The Ryder Cup begins tomorrow—finally. I love The Ryder Cup. I love the drama, the nerves, the emotion that it brings out in players and (most of the time) fans. What I could live without is all the yammering that goes on prior to the matches beginning.
I mean, seriously, did anyone really think there was any chance Corey Pavin wasn’t going to pick Tiger Woods if he didn’t finish in the top eight in the points standings? The only way Woods wasn’t going to be chosen was if he didn’t WANT to be chosen and this was the one year when he actually needed to play. Why? Because he needs to wear ‘USA,’ on his back as part of his image-rehab. Because he’s had a horrible year (for him) and this is a way to salvage something—anything—from a lost year. Because he’s played on ONE winning Ryder Cup team and a lot of people have noticed that the only U.S. team to win in this century was the one (2008) that didn’t have Woods on the team.
So, Woods was going to be picked and he was going to play. All of Pavin’s Hamlet-like, ‘to pick him or not to pick him,’ was pure silliness. Of course he was going to pick him.
The Woods-Rory McIlroy thing is also much ado about little. McIlroy made the comment that he would love to face Woods in singles in mid-August shortly after the worst performance of Woods’ career (T-78 at Firestone; if there had been a cut he would have missed it). I know McIlroy a little bit and he’s not the kind of kid who goes around trying to sound cocky. He was just being honest basically saying, ‘right now the guy isn’t playing very well.’
Naturally the tabloid media in Great Britain wants to turn this into a cage match. Woods, who learned from Michael Jordan that you take anything resembling a slight and use it for motivation is smiling and saying he’d like to play McIlroy too as if he’s going to show him who is boss. Heck, he might very well do that. But let’s not act as if McIlroy is somehow trying to get into Woods face or his head. He was being honest. The more we (the media) take honest comments and try to make them into more than what they are, the less likely we are to continue to get honest comments.
Now that the matches are finally—Thank God—beginning we can all stop speculating on who is going to play with whom and on whether Woods and Phil Mickelson will be able to smile in one another’s presence. All I ask of the two of them is to NOT act as if their dislike of one another is some sort of media concoction. It’s not.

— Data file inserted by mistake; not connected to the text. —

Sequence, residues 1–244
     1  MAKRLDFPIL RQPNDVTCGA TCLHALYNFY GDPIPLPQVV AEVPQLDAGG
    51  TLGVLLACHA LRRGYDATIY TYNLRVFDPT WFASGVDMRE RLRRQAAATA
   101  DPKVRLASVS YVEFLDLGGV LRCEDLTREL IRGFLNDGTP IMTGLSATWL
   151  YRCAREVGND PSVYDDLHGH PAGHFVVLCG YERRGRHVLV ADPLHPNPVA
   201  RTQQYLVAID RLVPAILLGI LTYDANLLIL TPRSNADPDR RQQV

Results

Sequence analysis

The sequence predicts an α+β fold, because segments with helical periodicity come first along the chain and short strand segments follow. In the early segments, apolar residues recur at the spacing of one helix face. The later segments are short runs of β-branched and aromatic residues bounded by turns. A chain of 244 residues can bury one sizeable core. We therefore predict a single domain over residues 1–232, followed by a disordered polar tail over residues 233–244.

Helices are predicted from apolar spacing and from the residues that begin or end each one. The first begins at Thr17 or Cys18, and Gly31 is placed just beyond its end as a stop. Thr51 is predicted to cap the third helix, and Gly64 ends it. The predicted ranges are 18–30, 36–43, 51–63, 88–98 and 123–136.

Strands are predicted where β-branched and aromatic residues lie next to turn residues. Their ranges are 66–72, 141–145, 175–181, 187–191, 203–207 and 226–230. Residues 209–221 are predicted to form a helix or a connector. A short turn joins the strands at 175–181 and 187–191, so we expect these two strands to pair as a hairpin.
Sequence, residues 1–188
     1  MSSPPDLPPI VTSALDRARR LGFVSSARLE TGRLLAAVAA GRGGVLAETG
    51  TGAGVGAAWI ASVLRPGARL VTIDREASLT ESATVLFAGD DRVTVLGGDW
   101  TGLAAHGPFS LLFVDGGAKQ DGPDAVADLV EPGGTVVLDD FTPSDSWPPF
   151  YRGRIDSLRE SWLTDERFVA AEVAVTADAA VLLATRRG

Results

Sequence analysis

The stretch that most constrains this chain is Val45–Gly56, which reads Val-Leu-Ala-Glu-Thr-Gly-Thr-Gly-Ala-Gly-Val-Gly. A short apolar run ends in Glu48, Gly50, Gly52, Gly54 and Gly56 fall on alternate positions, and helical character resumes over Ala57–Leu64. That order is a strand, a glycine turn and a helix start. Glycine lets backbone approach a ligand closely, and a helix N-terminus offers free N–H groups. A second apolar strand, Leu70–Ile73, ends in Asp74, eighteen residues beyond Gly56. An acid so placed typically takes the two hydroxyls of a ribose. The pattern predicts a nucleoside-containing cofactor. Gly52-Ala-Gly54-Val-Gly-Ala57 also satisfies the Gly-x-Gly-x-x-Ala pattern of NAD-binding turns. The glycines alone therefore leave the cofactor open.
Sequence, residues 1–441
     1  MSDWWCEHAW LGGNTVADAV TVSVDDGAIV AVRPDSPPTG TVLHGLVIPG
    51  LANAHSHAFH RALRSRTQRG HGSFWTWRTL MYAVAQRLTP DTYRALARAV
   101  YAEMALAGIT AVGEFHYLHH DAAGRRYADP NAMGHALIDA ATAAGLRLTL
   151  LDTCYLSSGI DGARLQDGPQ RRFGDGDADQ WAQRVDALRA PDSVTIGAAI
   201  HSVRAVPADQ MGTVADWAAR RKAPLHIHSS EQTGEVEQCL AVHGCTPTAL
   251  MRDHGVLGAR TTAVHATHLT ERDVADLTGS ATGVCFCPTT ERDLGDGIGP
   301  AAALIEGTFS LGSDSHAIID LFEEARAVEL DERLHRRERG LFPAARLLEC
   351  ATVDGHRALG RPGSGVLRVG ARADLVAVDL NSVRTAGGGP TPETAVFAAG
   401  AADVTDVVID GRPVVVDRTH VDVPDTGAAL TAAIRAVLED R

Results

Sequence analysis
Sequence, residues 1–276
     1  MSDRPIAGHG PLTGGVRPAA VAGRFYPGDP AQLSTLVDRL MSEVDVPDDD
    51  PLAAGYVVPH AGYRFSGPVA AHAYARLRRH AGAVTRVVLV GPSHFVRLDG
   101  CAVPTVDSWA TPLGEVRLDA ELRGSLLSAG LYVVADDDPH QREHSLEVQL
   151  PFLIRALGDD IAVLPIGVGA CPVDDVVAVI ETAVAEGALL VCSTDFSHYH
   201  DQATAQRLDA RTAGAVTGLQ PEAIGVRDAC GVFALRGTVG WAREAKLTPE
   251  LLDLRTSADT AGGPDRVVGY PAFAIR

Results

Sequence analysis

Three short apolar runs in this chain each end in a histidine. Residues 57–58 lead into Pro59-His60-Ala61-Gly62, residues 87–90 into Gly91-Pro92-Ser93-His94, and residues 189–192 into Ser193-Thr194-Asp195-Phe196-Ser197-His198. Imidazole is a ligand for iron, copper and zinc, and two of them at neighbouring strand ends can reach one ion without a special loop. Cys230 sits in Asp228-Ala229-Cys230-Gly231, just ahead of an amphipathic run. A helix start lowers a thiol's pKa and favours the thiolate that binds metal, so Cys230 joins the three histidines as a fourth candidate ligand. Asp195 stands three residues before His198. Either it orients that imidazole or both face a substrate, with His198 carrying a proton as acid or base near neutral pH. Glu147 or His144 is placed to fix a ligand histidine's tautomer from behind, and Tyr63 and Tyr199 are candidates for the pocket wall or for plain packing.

That doesn’t mean they can’t be part of a successful U.S. team. My feeling all along has been this notion that Europe is the favorite is crazy. YES, they have home court advantage and that’s a big deal. The U.S. has won in Europe ONCE since 1983 and that was in the 1993 when Tom Watson was captain and played a hunch on Saturday with his team about to get blown out and put John Cook and Chip Beck—who hadn’t played yet—out in the first four ball match of the afternoon against Colin Montgomerie and Nick Faldo. Cook and Beck won the match one-up and the U.S. ended up outscoring the Euros 11 and ½ to 5 and ½ from that point on to win, 15-13.
Pavin should keep Watson’s gamble in mind. He has spent a lot of time consulting with players and his various assistant captains—including my pal Paul Goydos (whose comment on the Lisa Pavin-created U.S. uniforms was, “Those outfits might look okay on Tiger and Dustin Johnson, I’m not so sure how they’ll look on me.”)—about who should play with whom and who should sit out and who shouldn’t sit out.
That’s all well and good. But you have to have a gut feeling for your players as the matches go on. Watson knew the combinations he was using in 1993 weren’t working. He sat both Fred Couples and Davis Love III that Saturday afternoon and played Cook and Beck because he felt Couples and Love were fighting themselves emotionally. In fact, while those matches were going on, Love took Couples aside and gave him a talking-to about getting down on himself that also proved to be critical to the final outcome.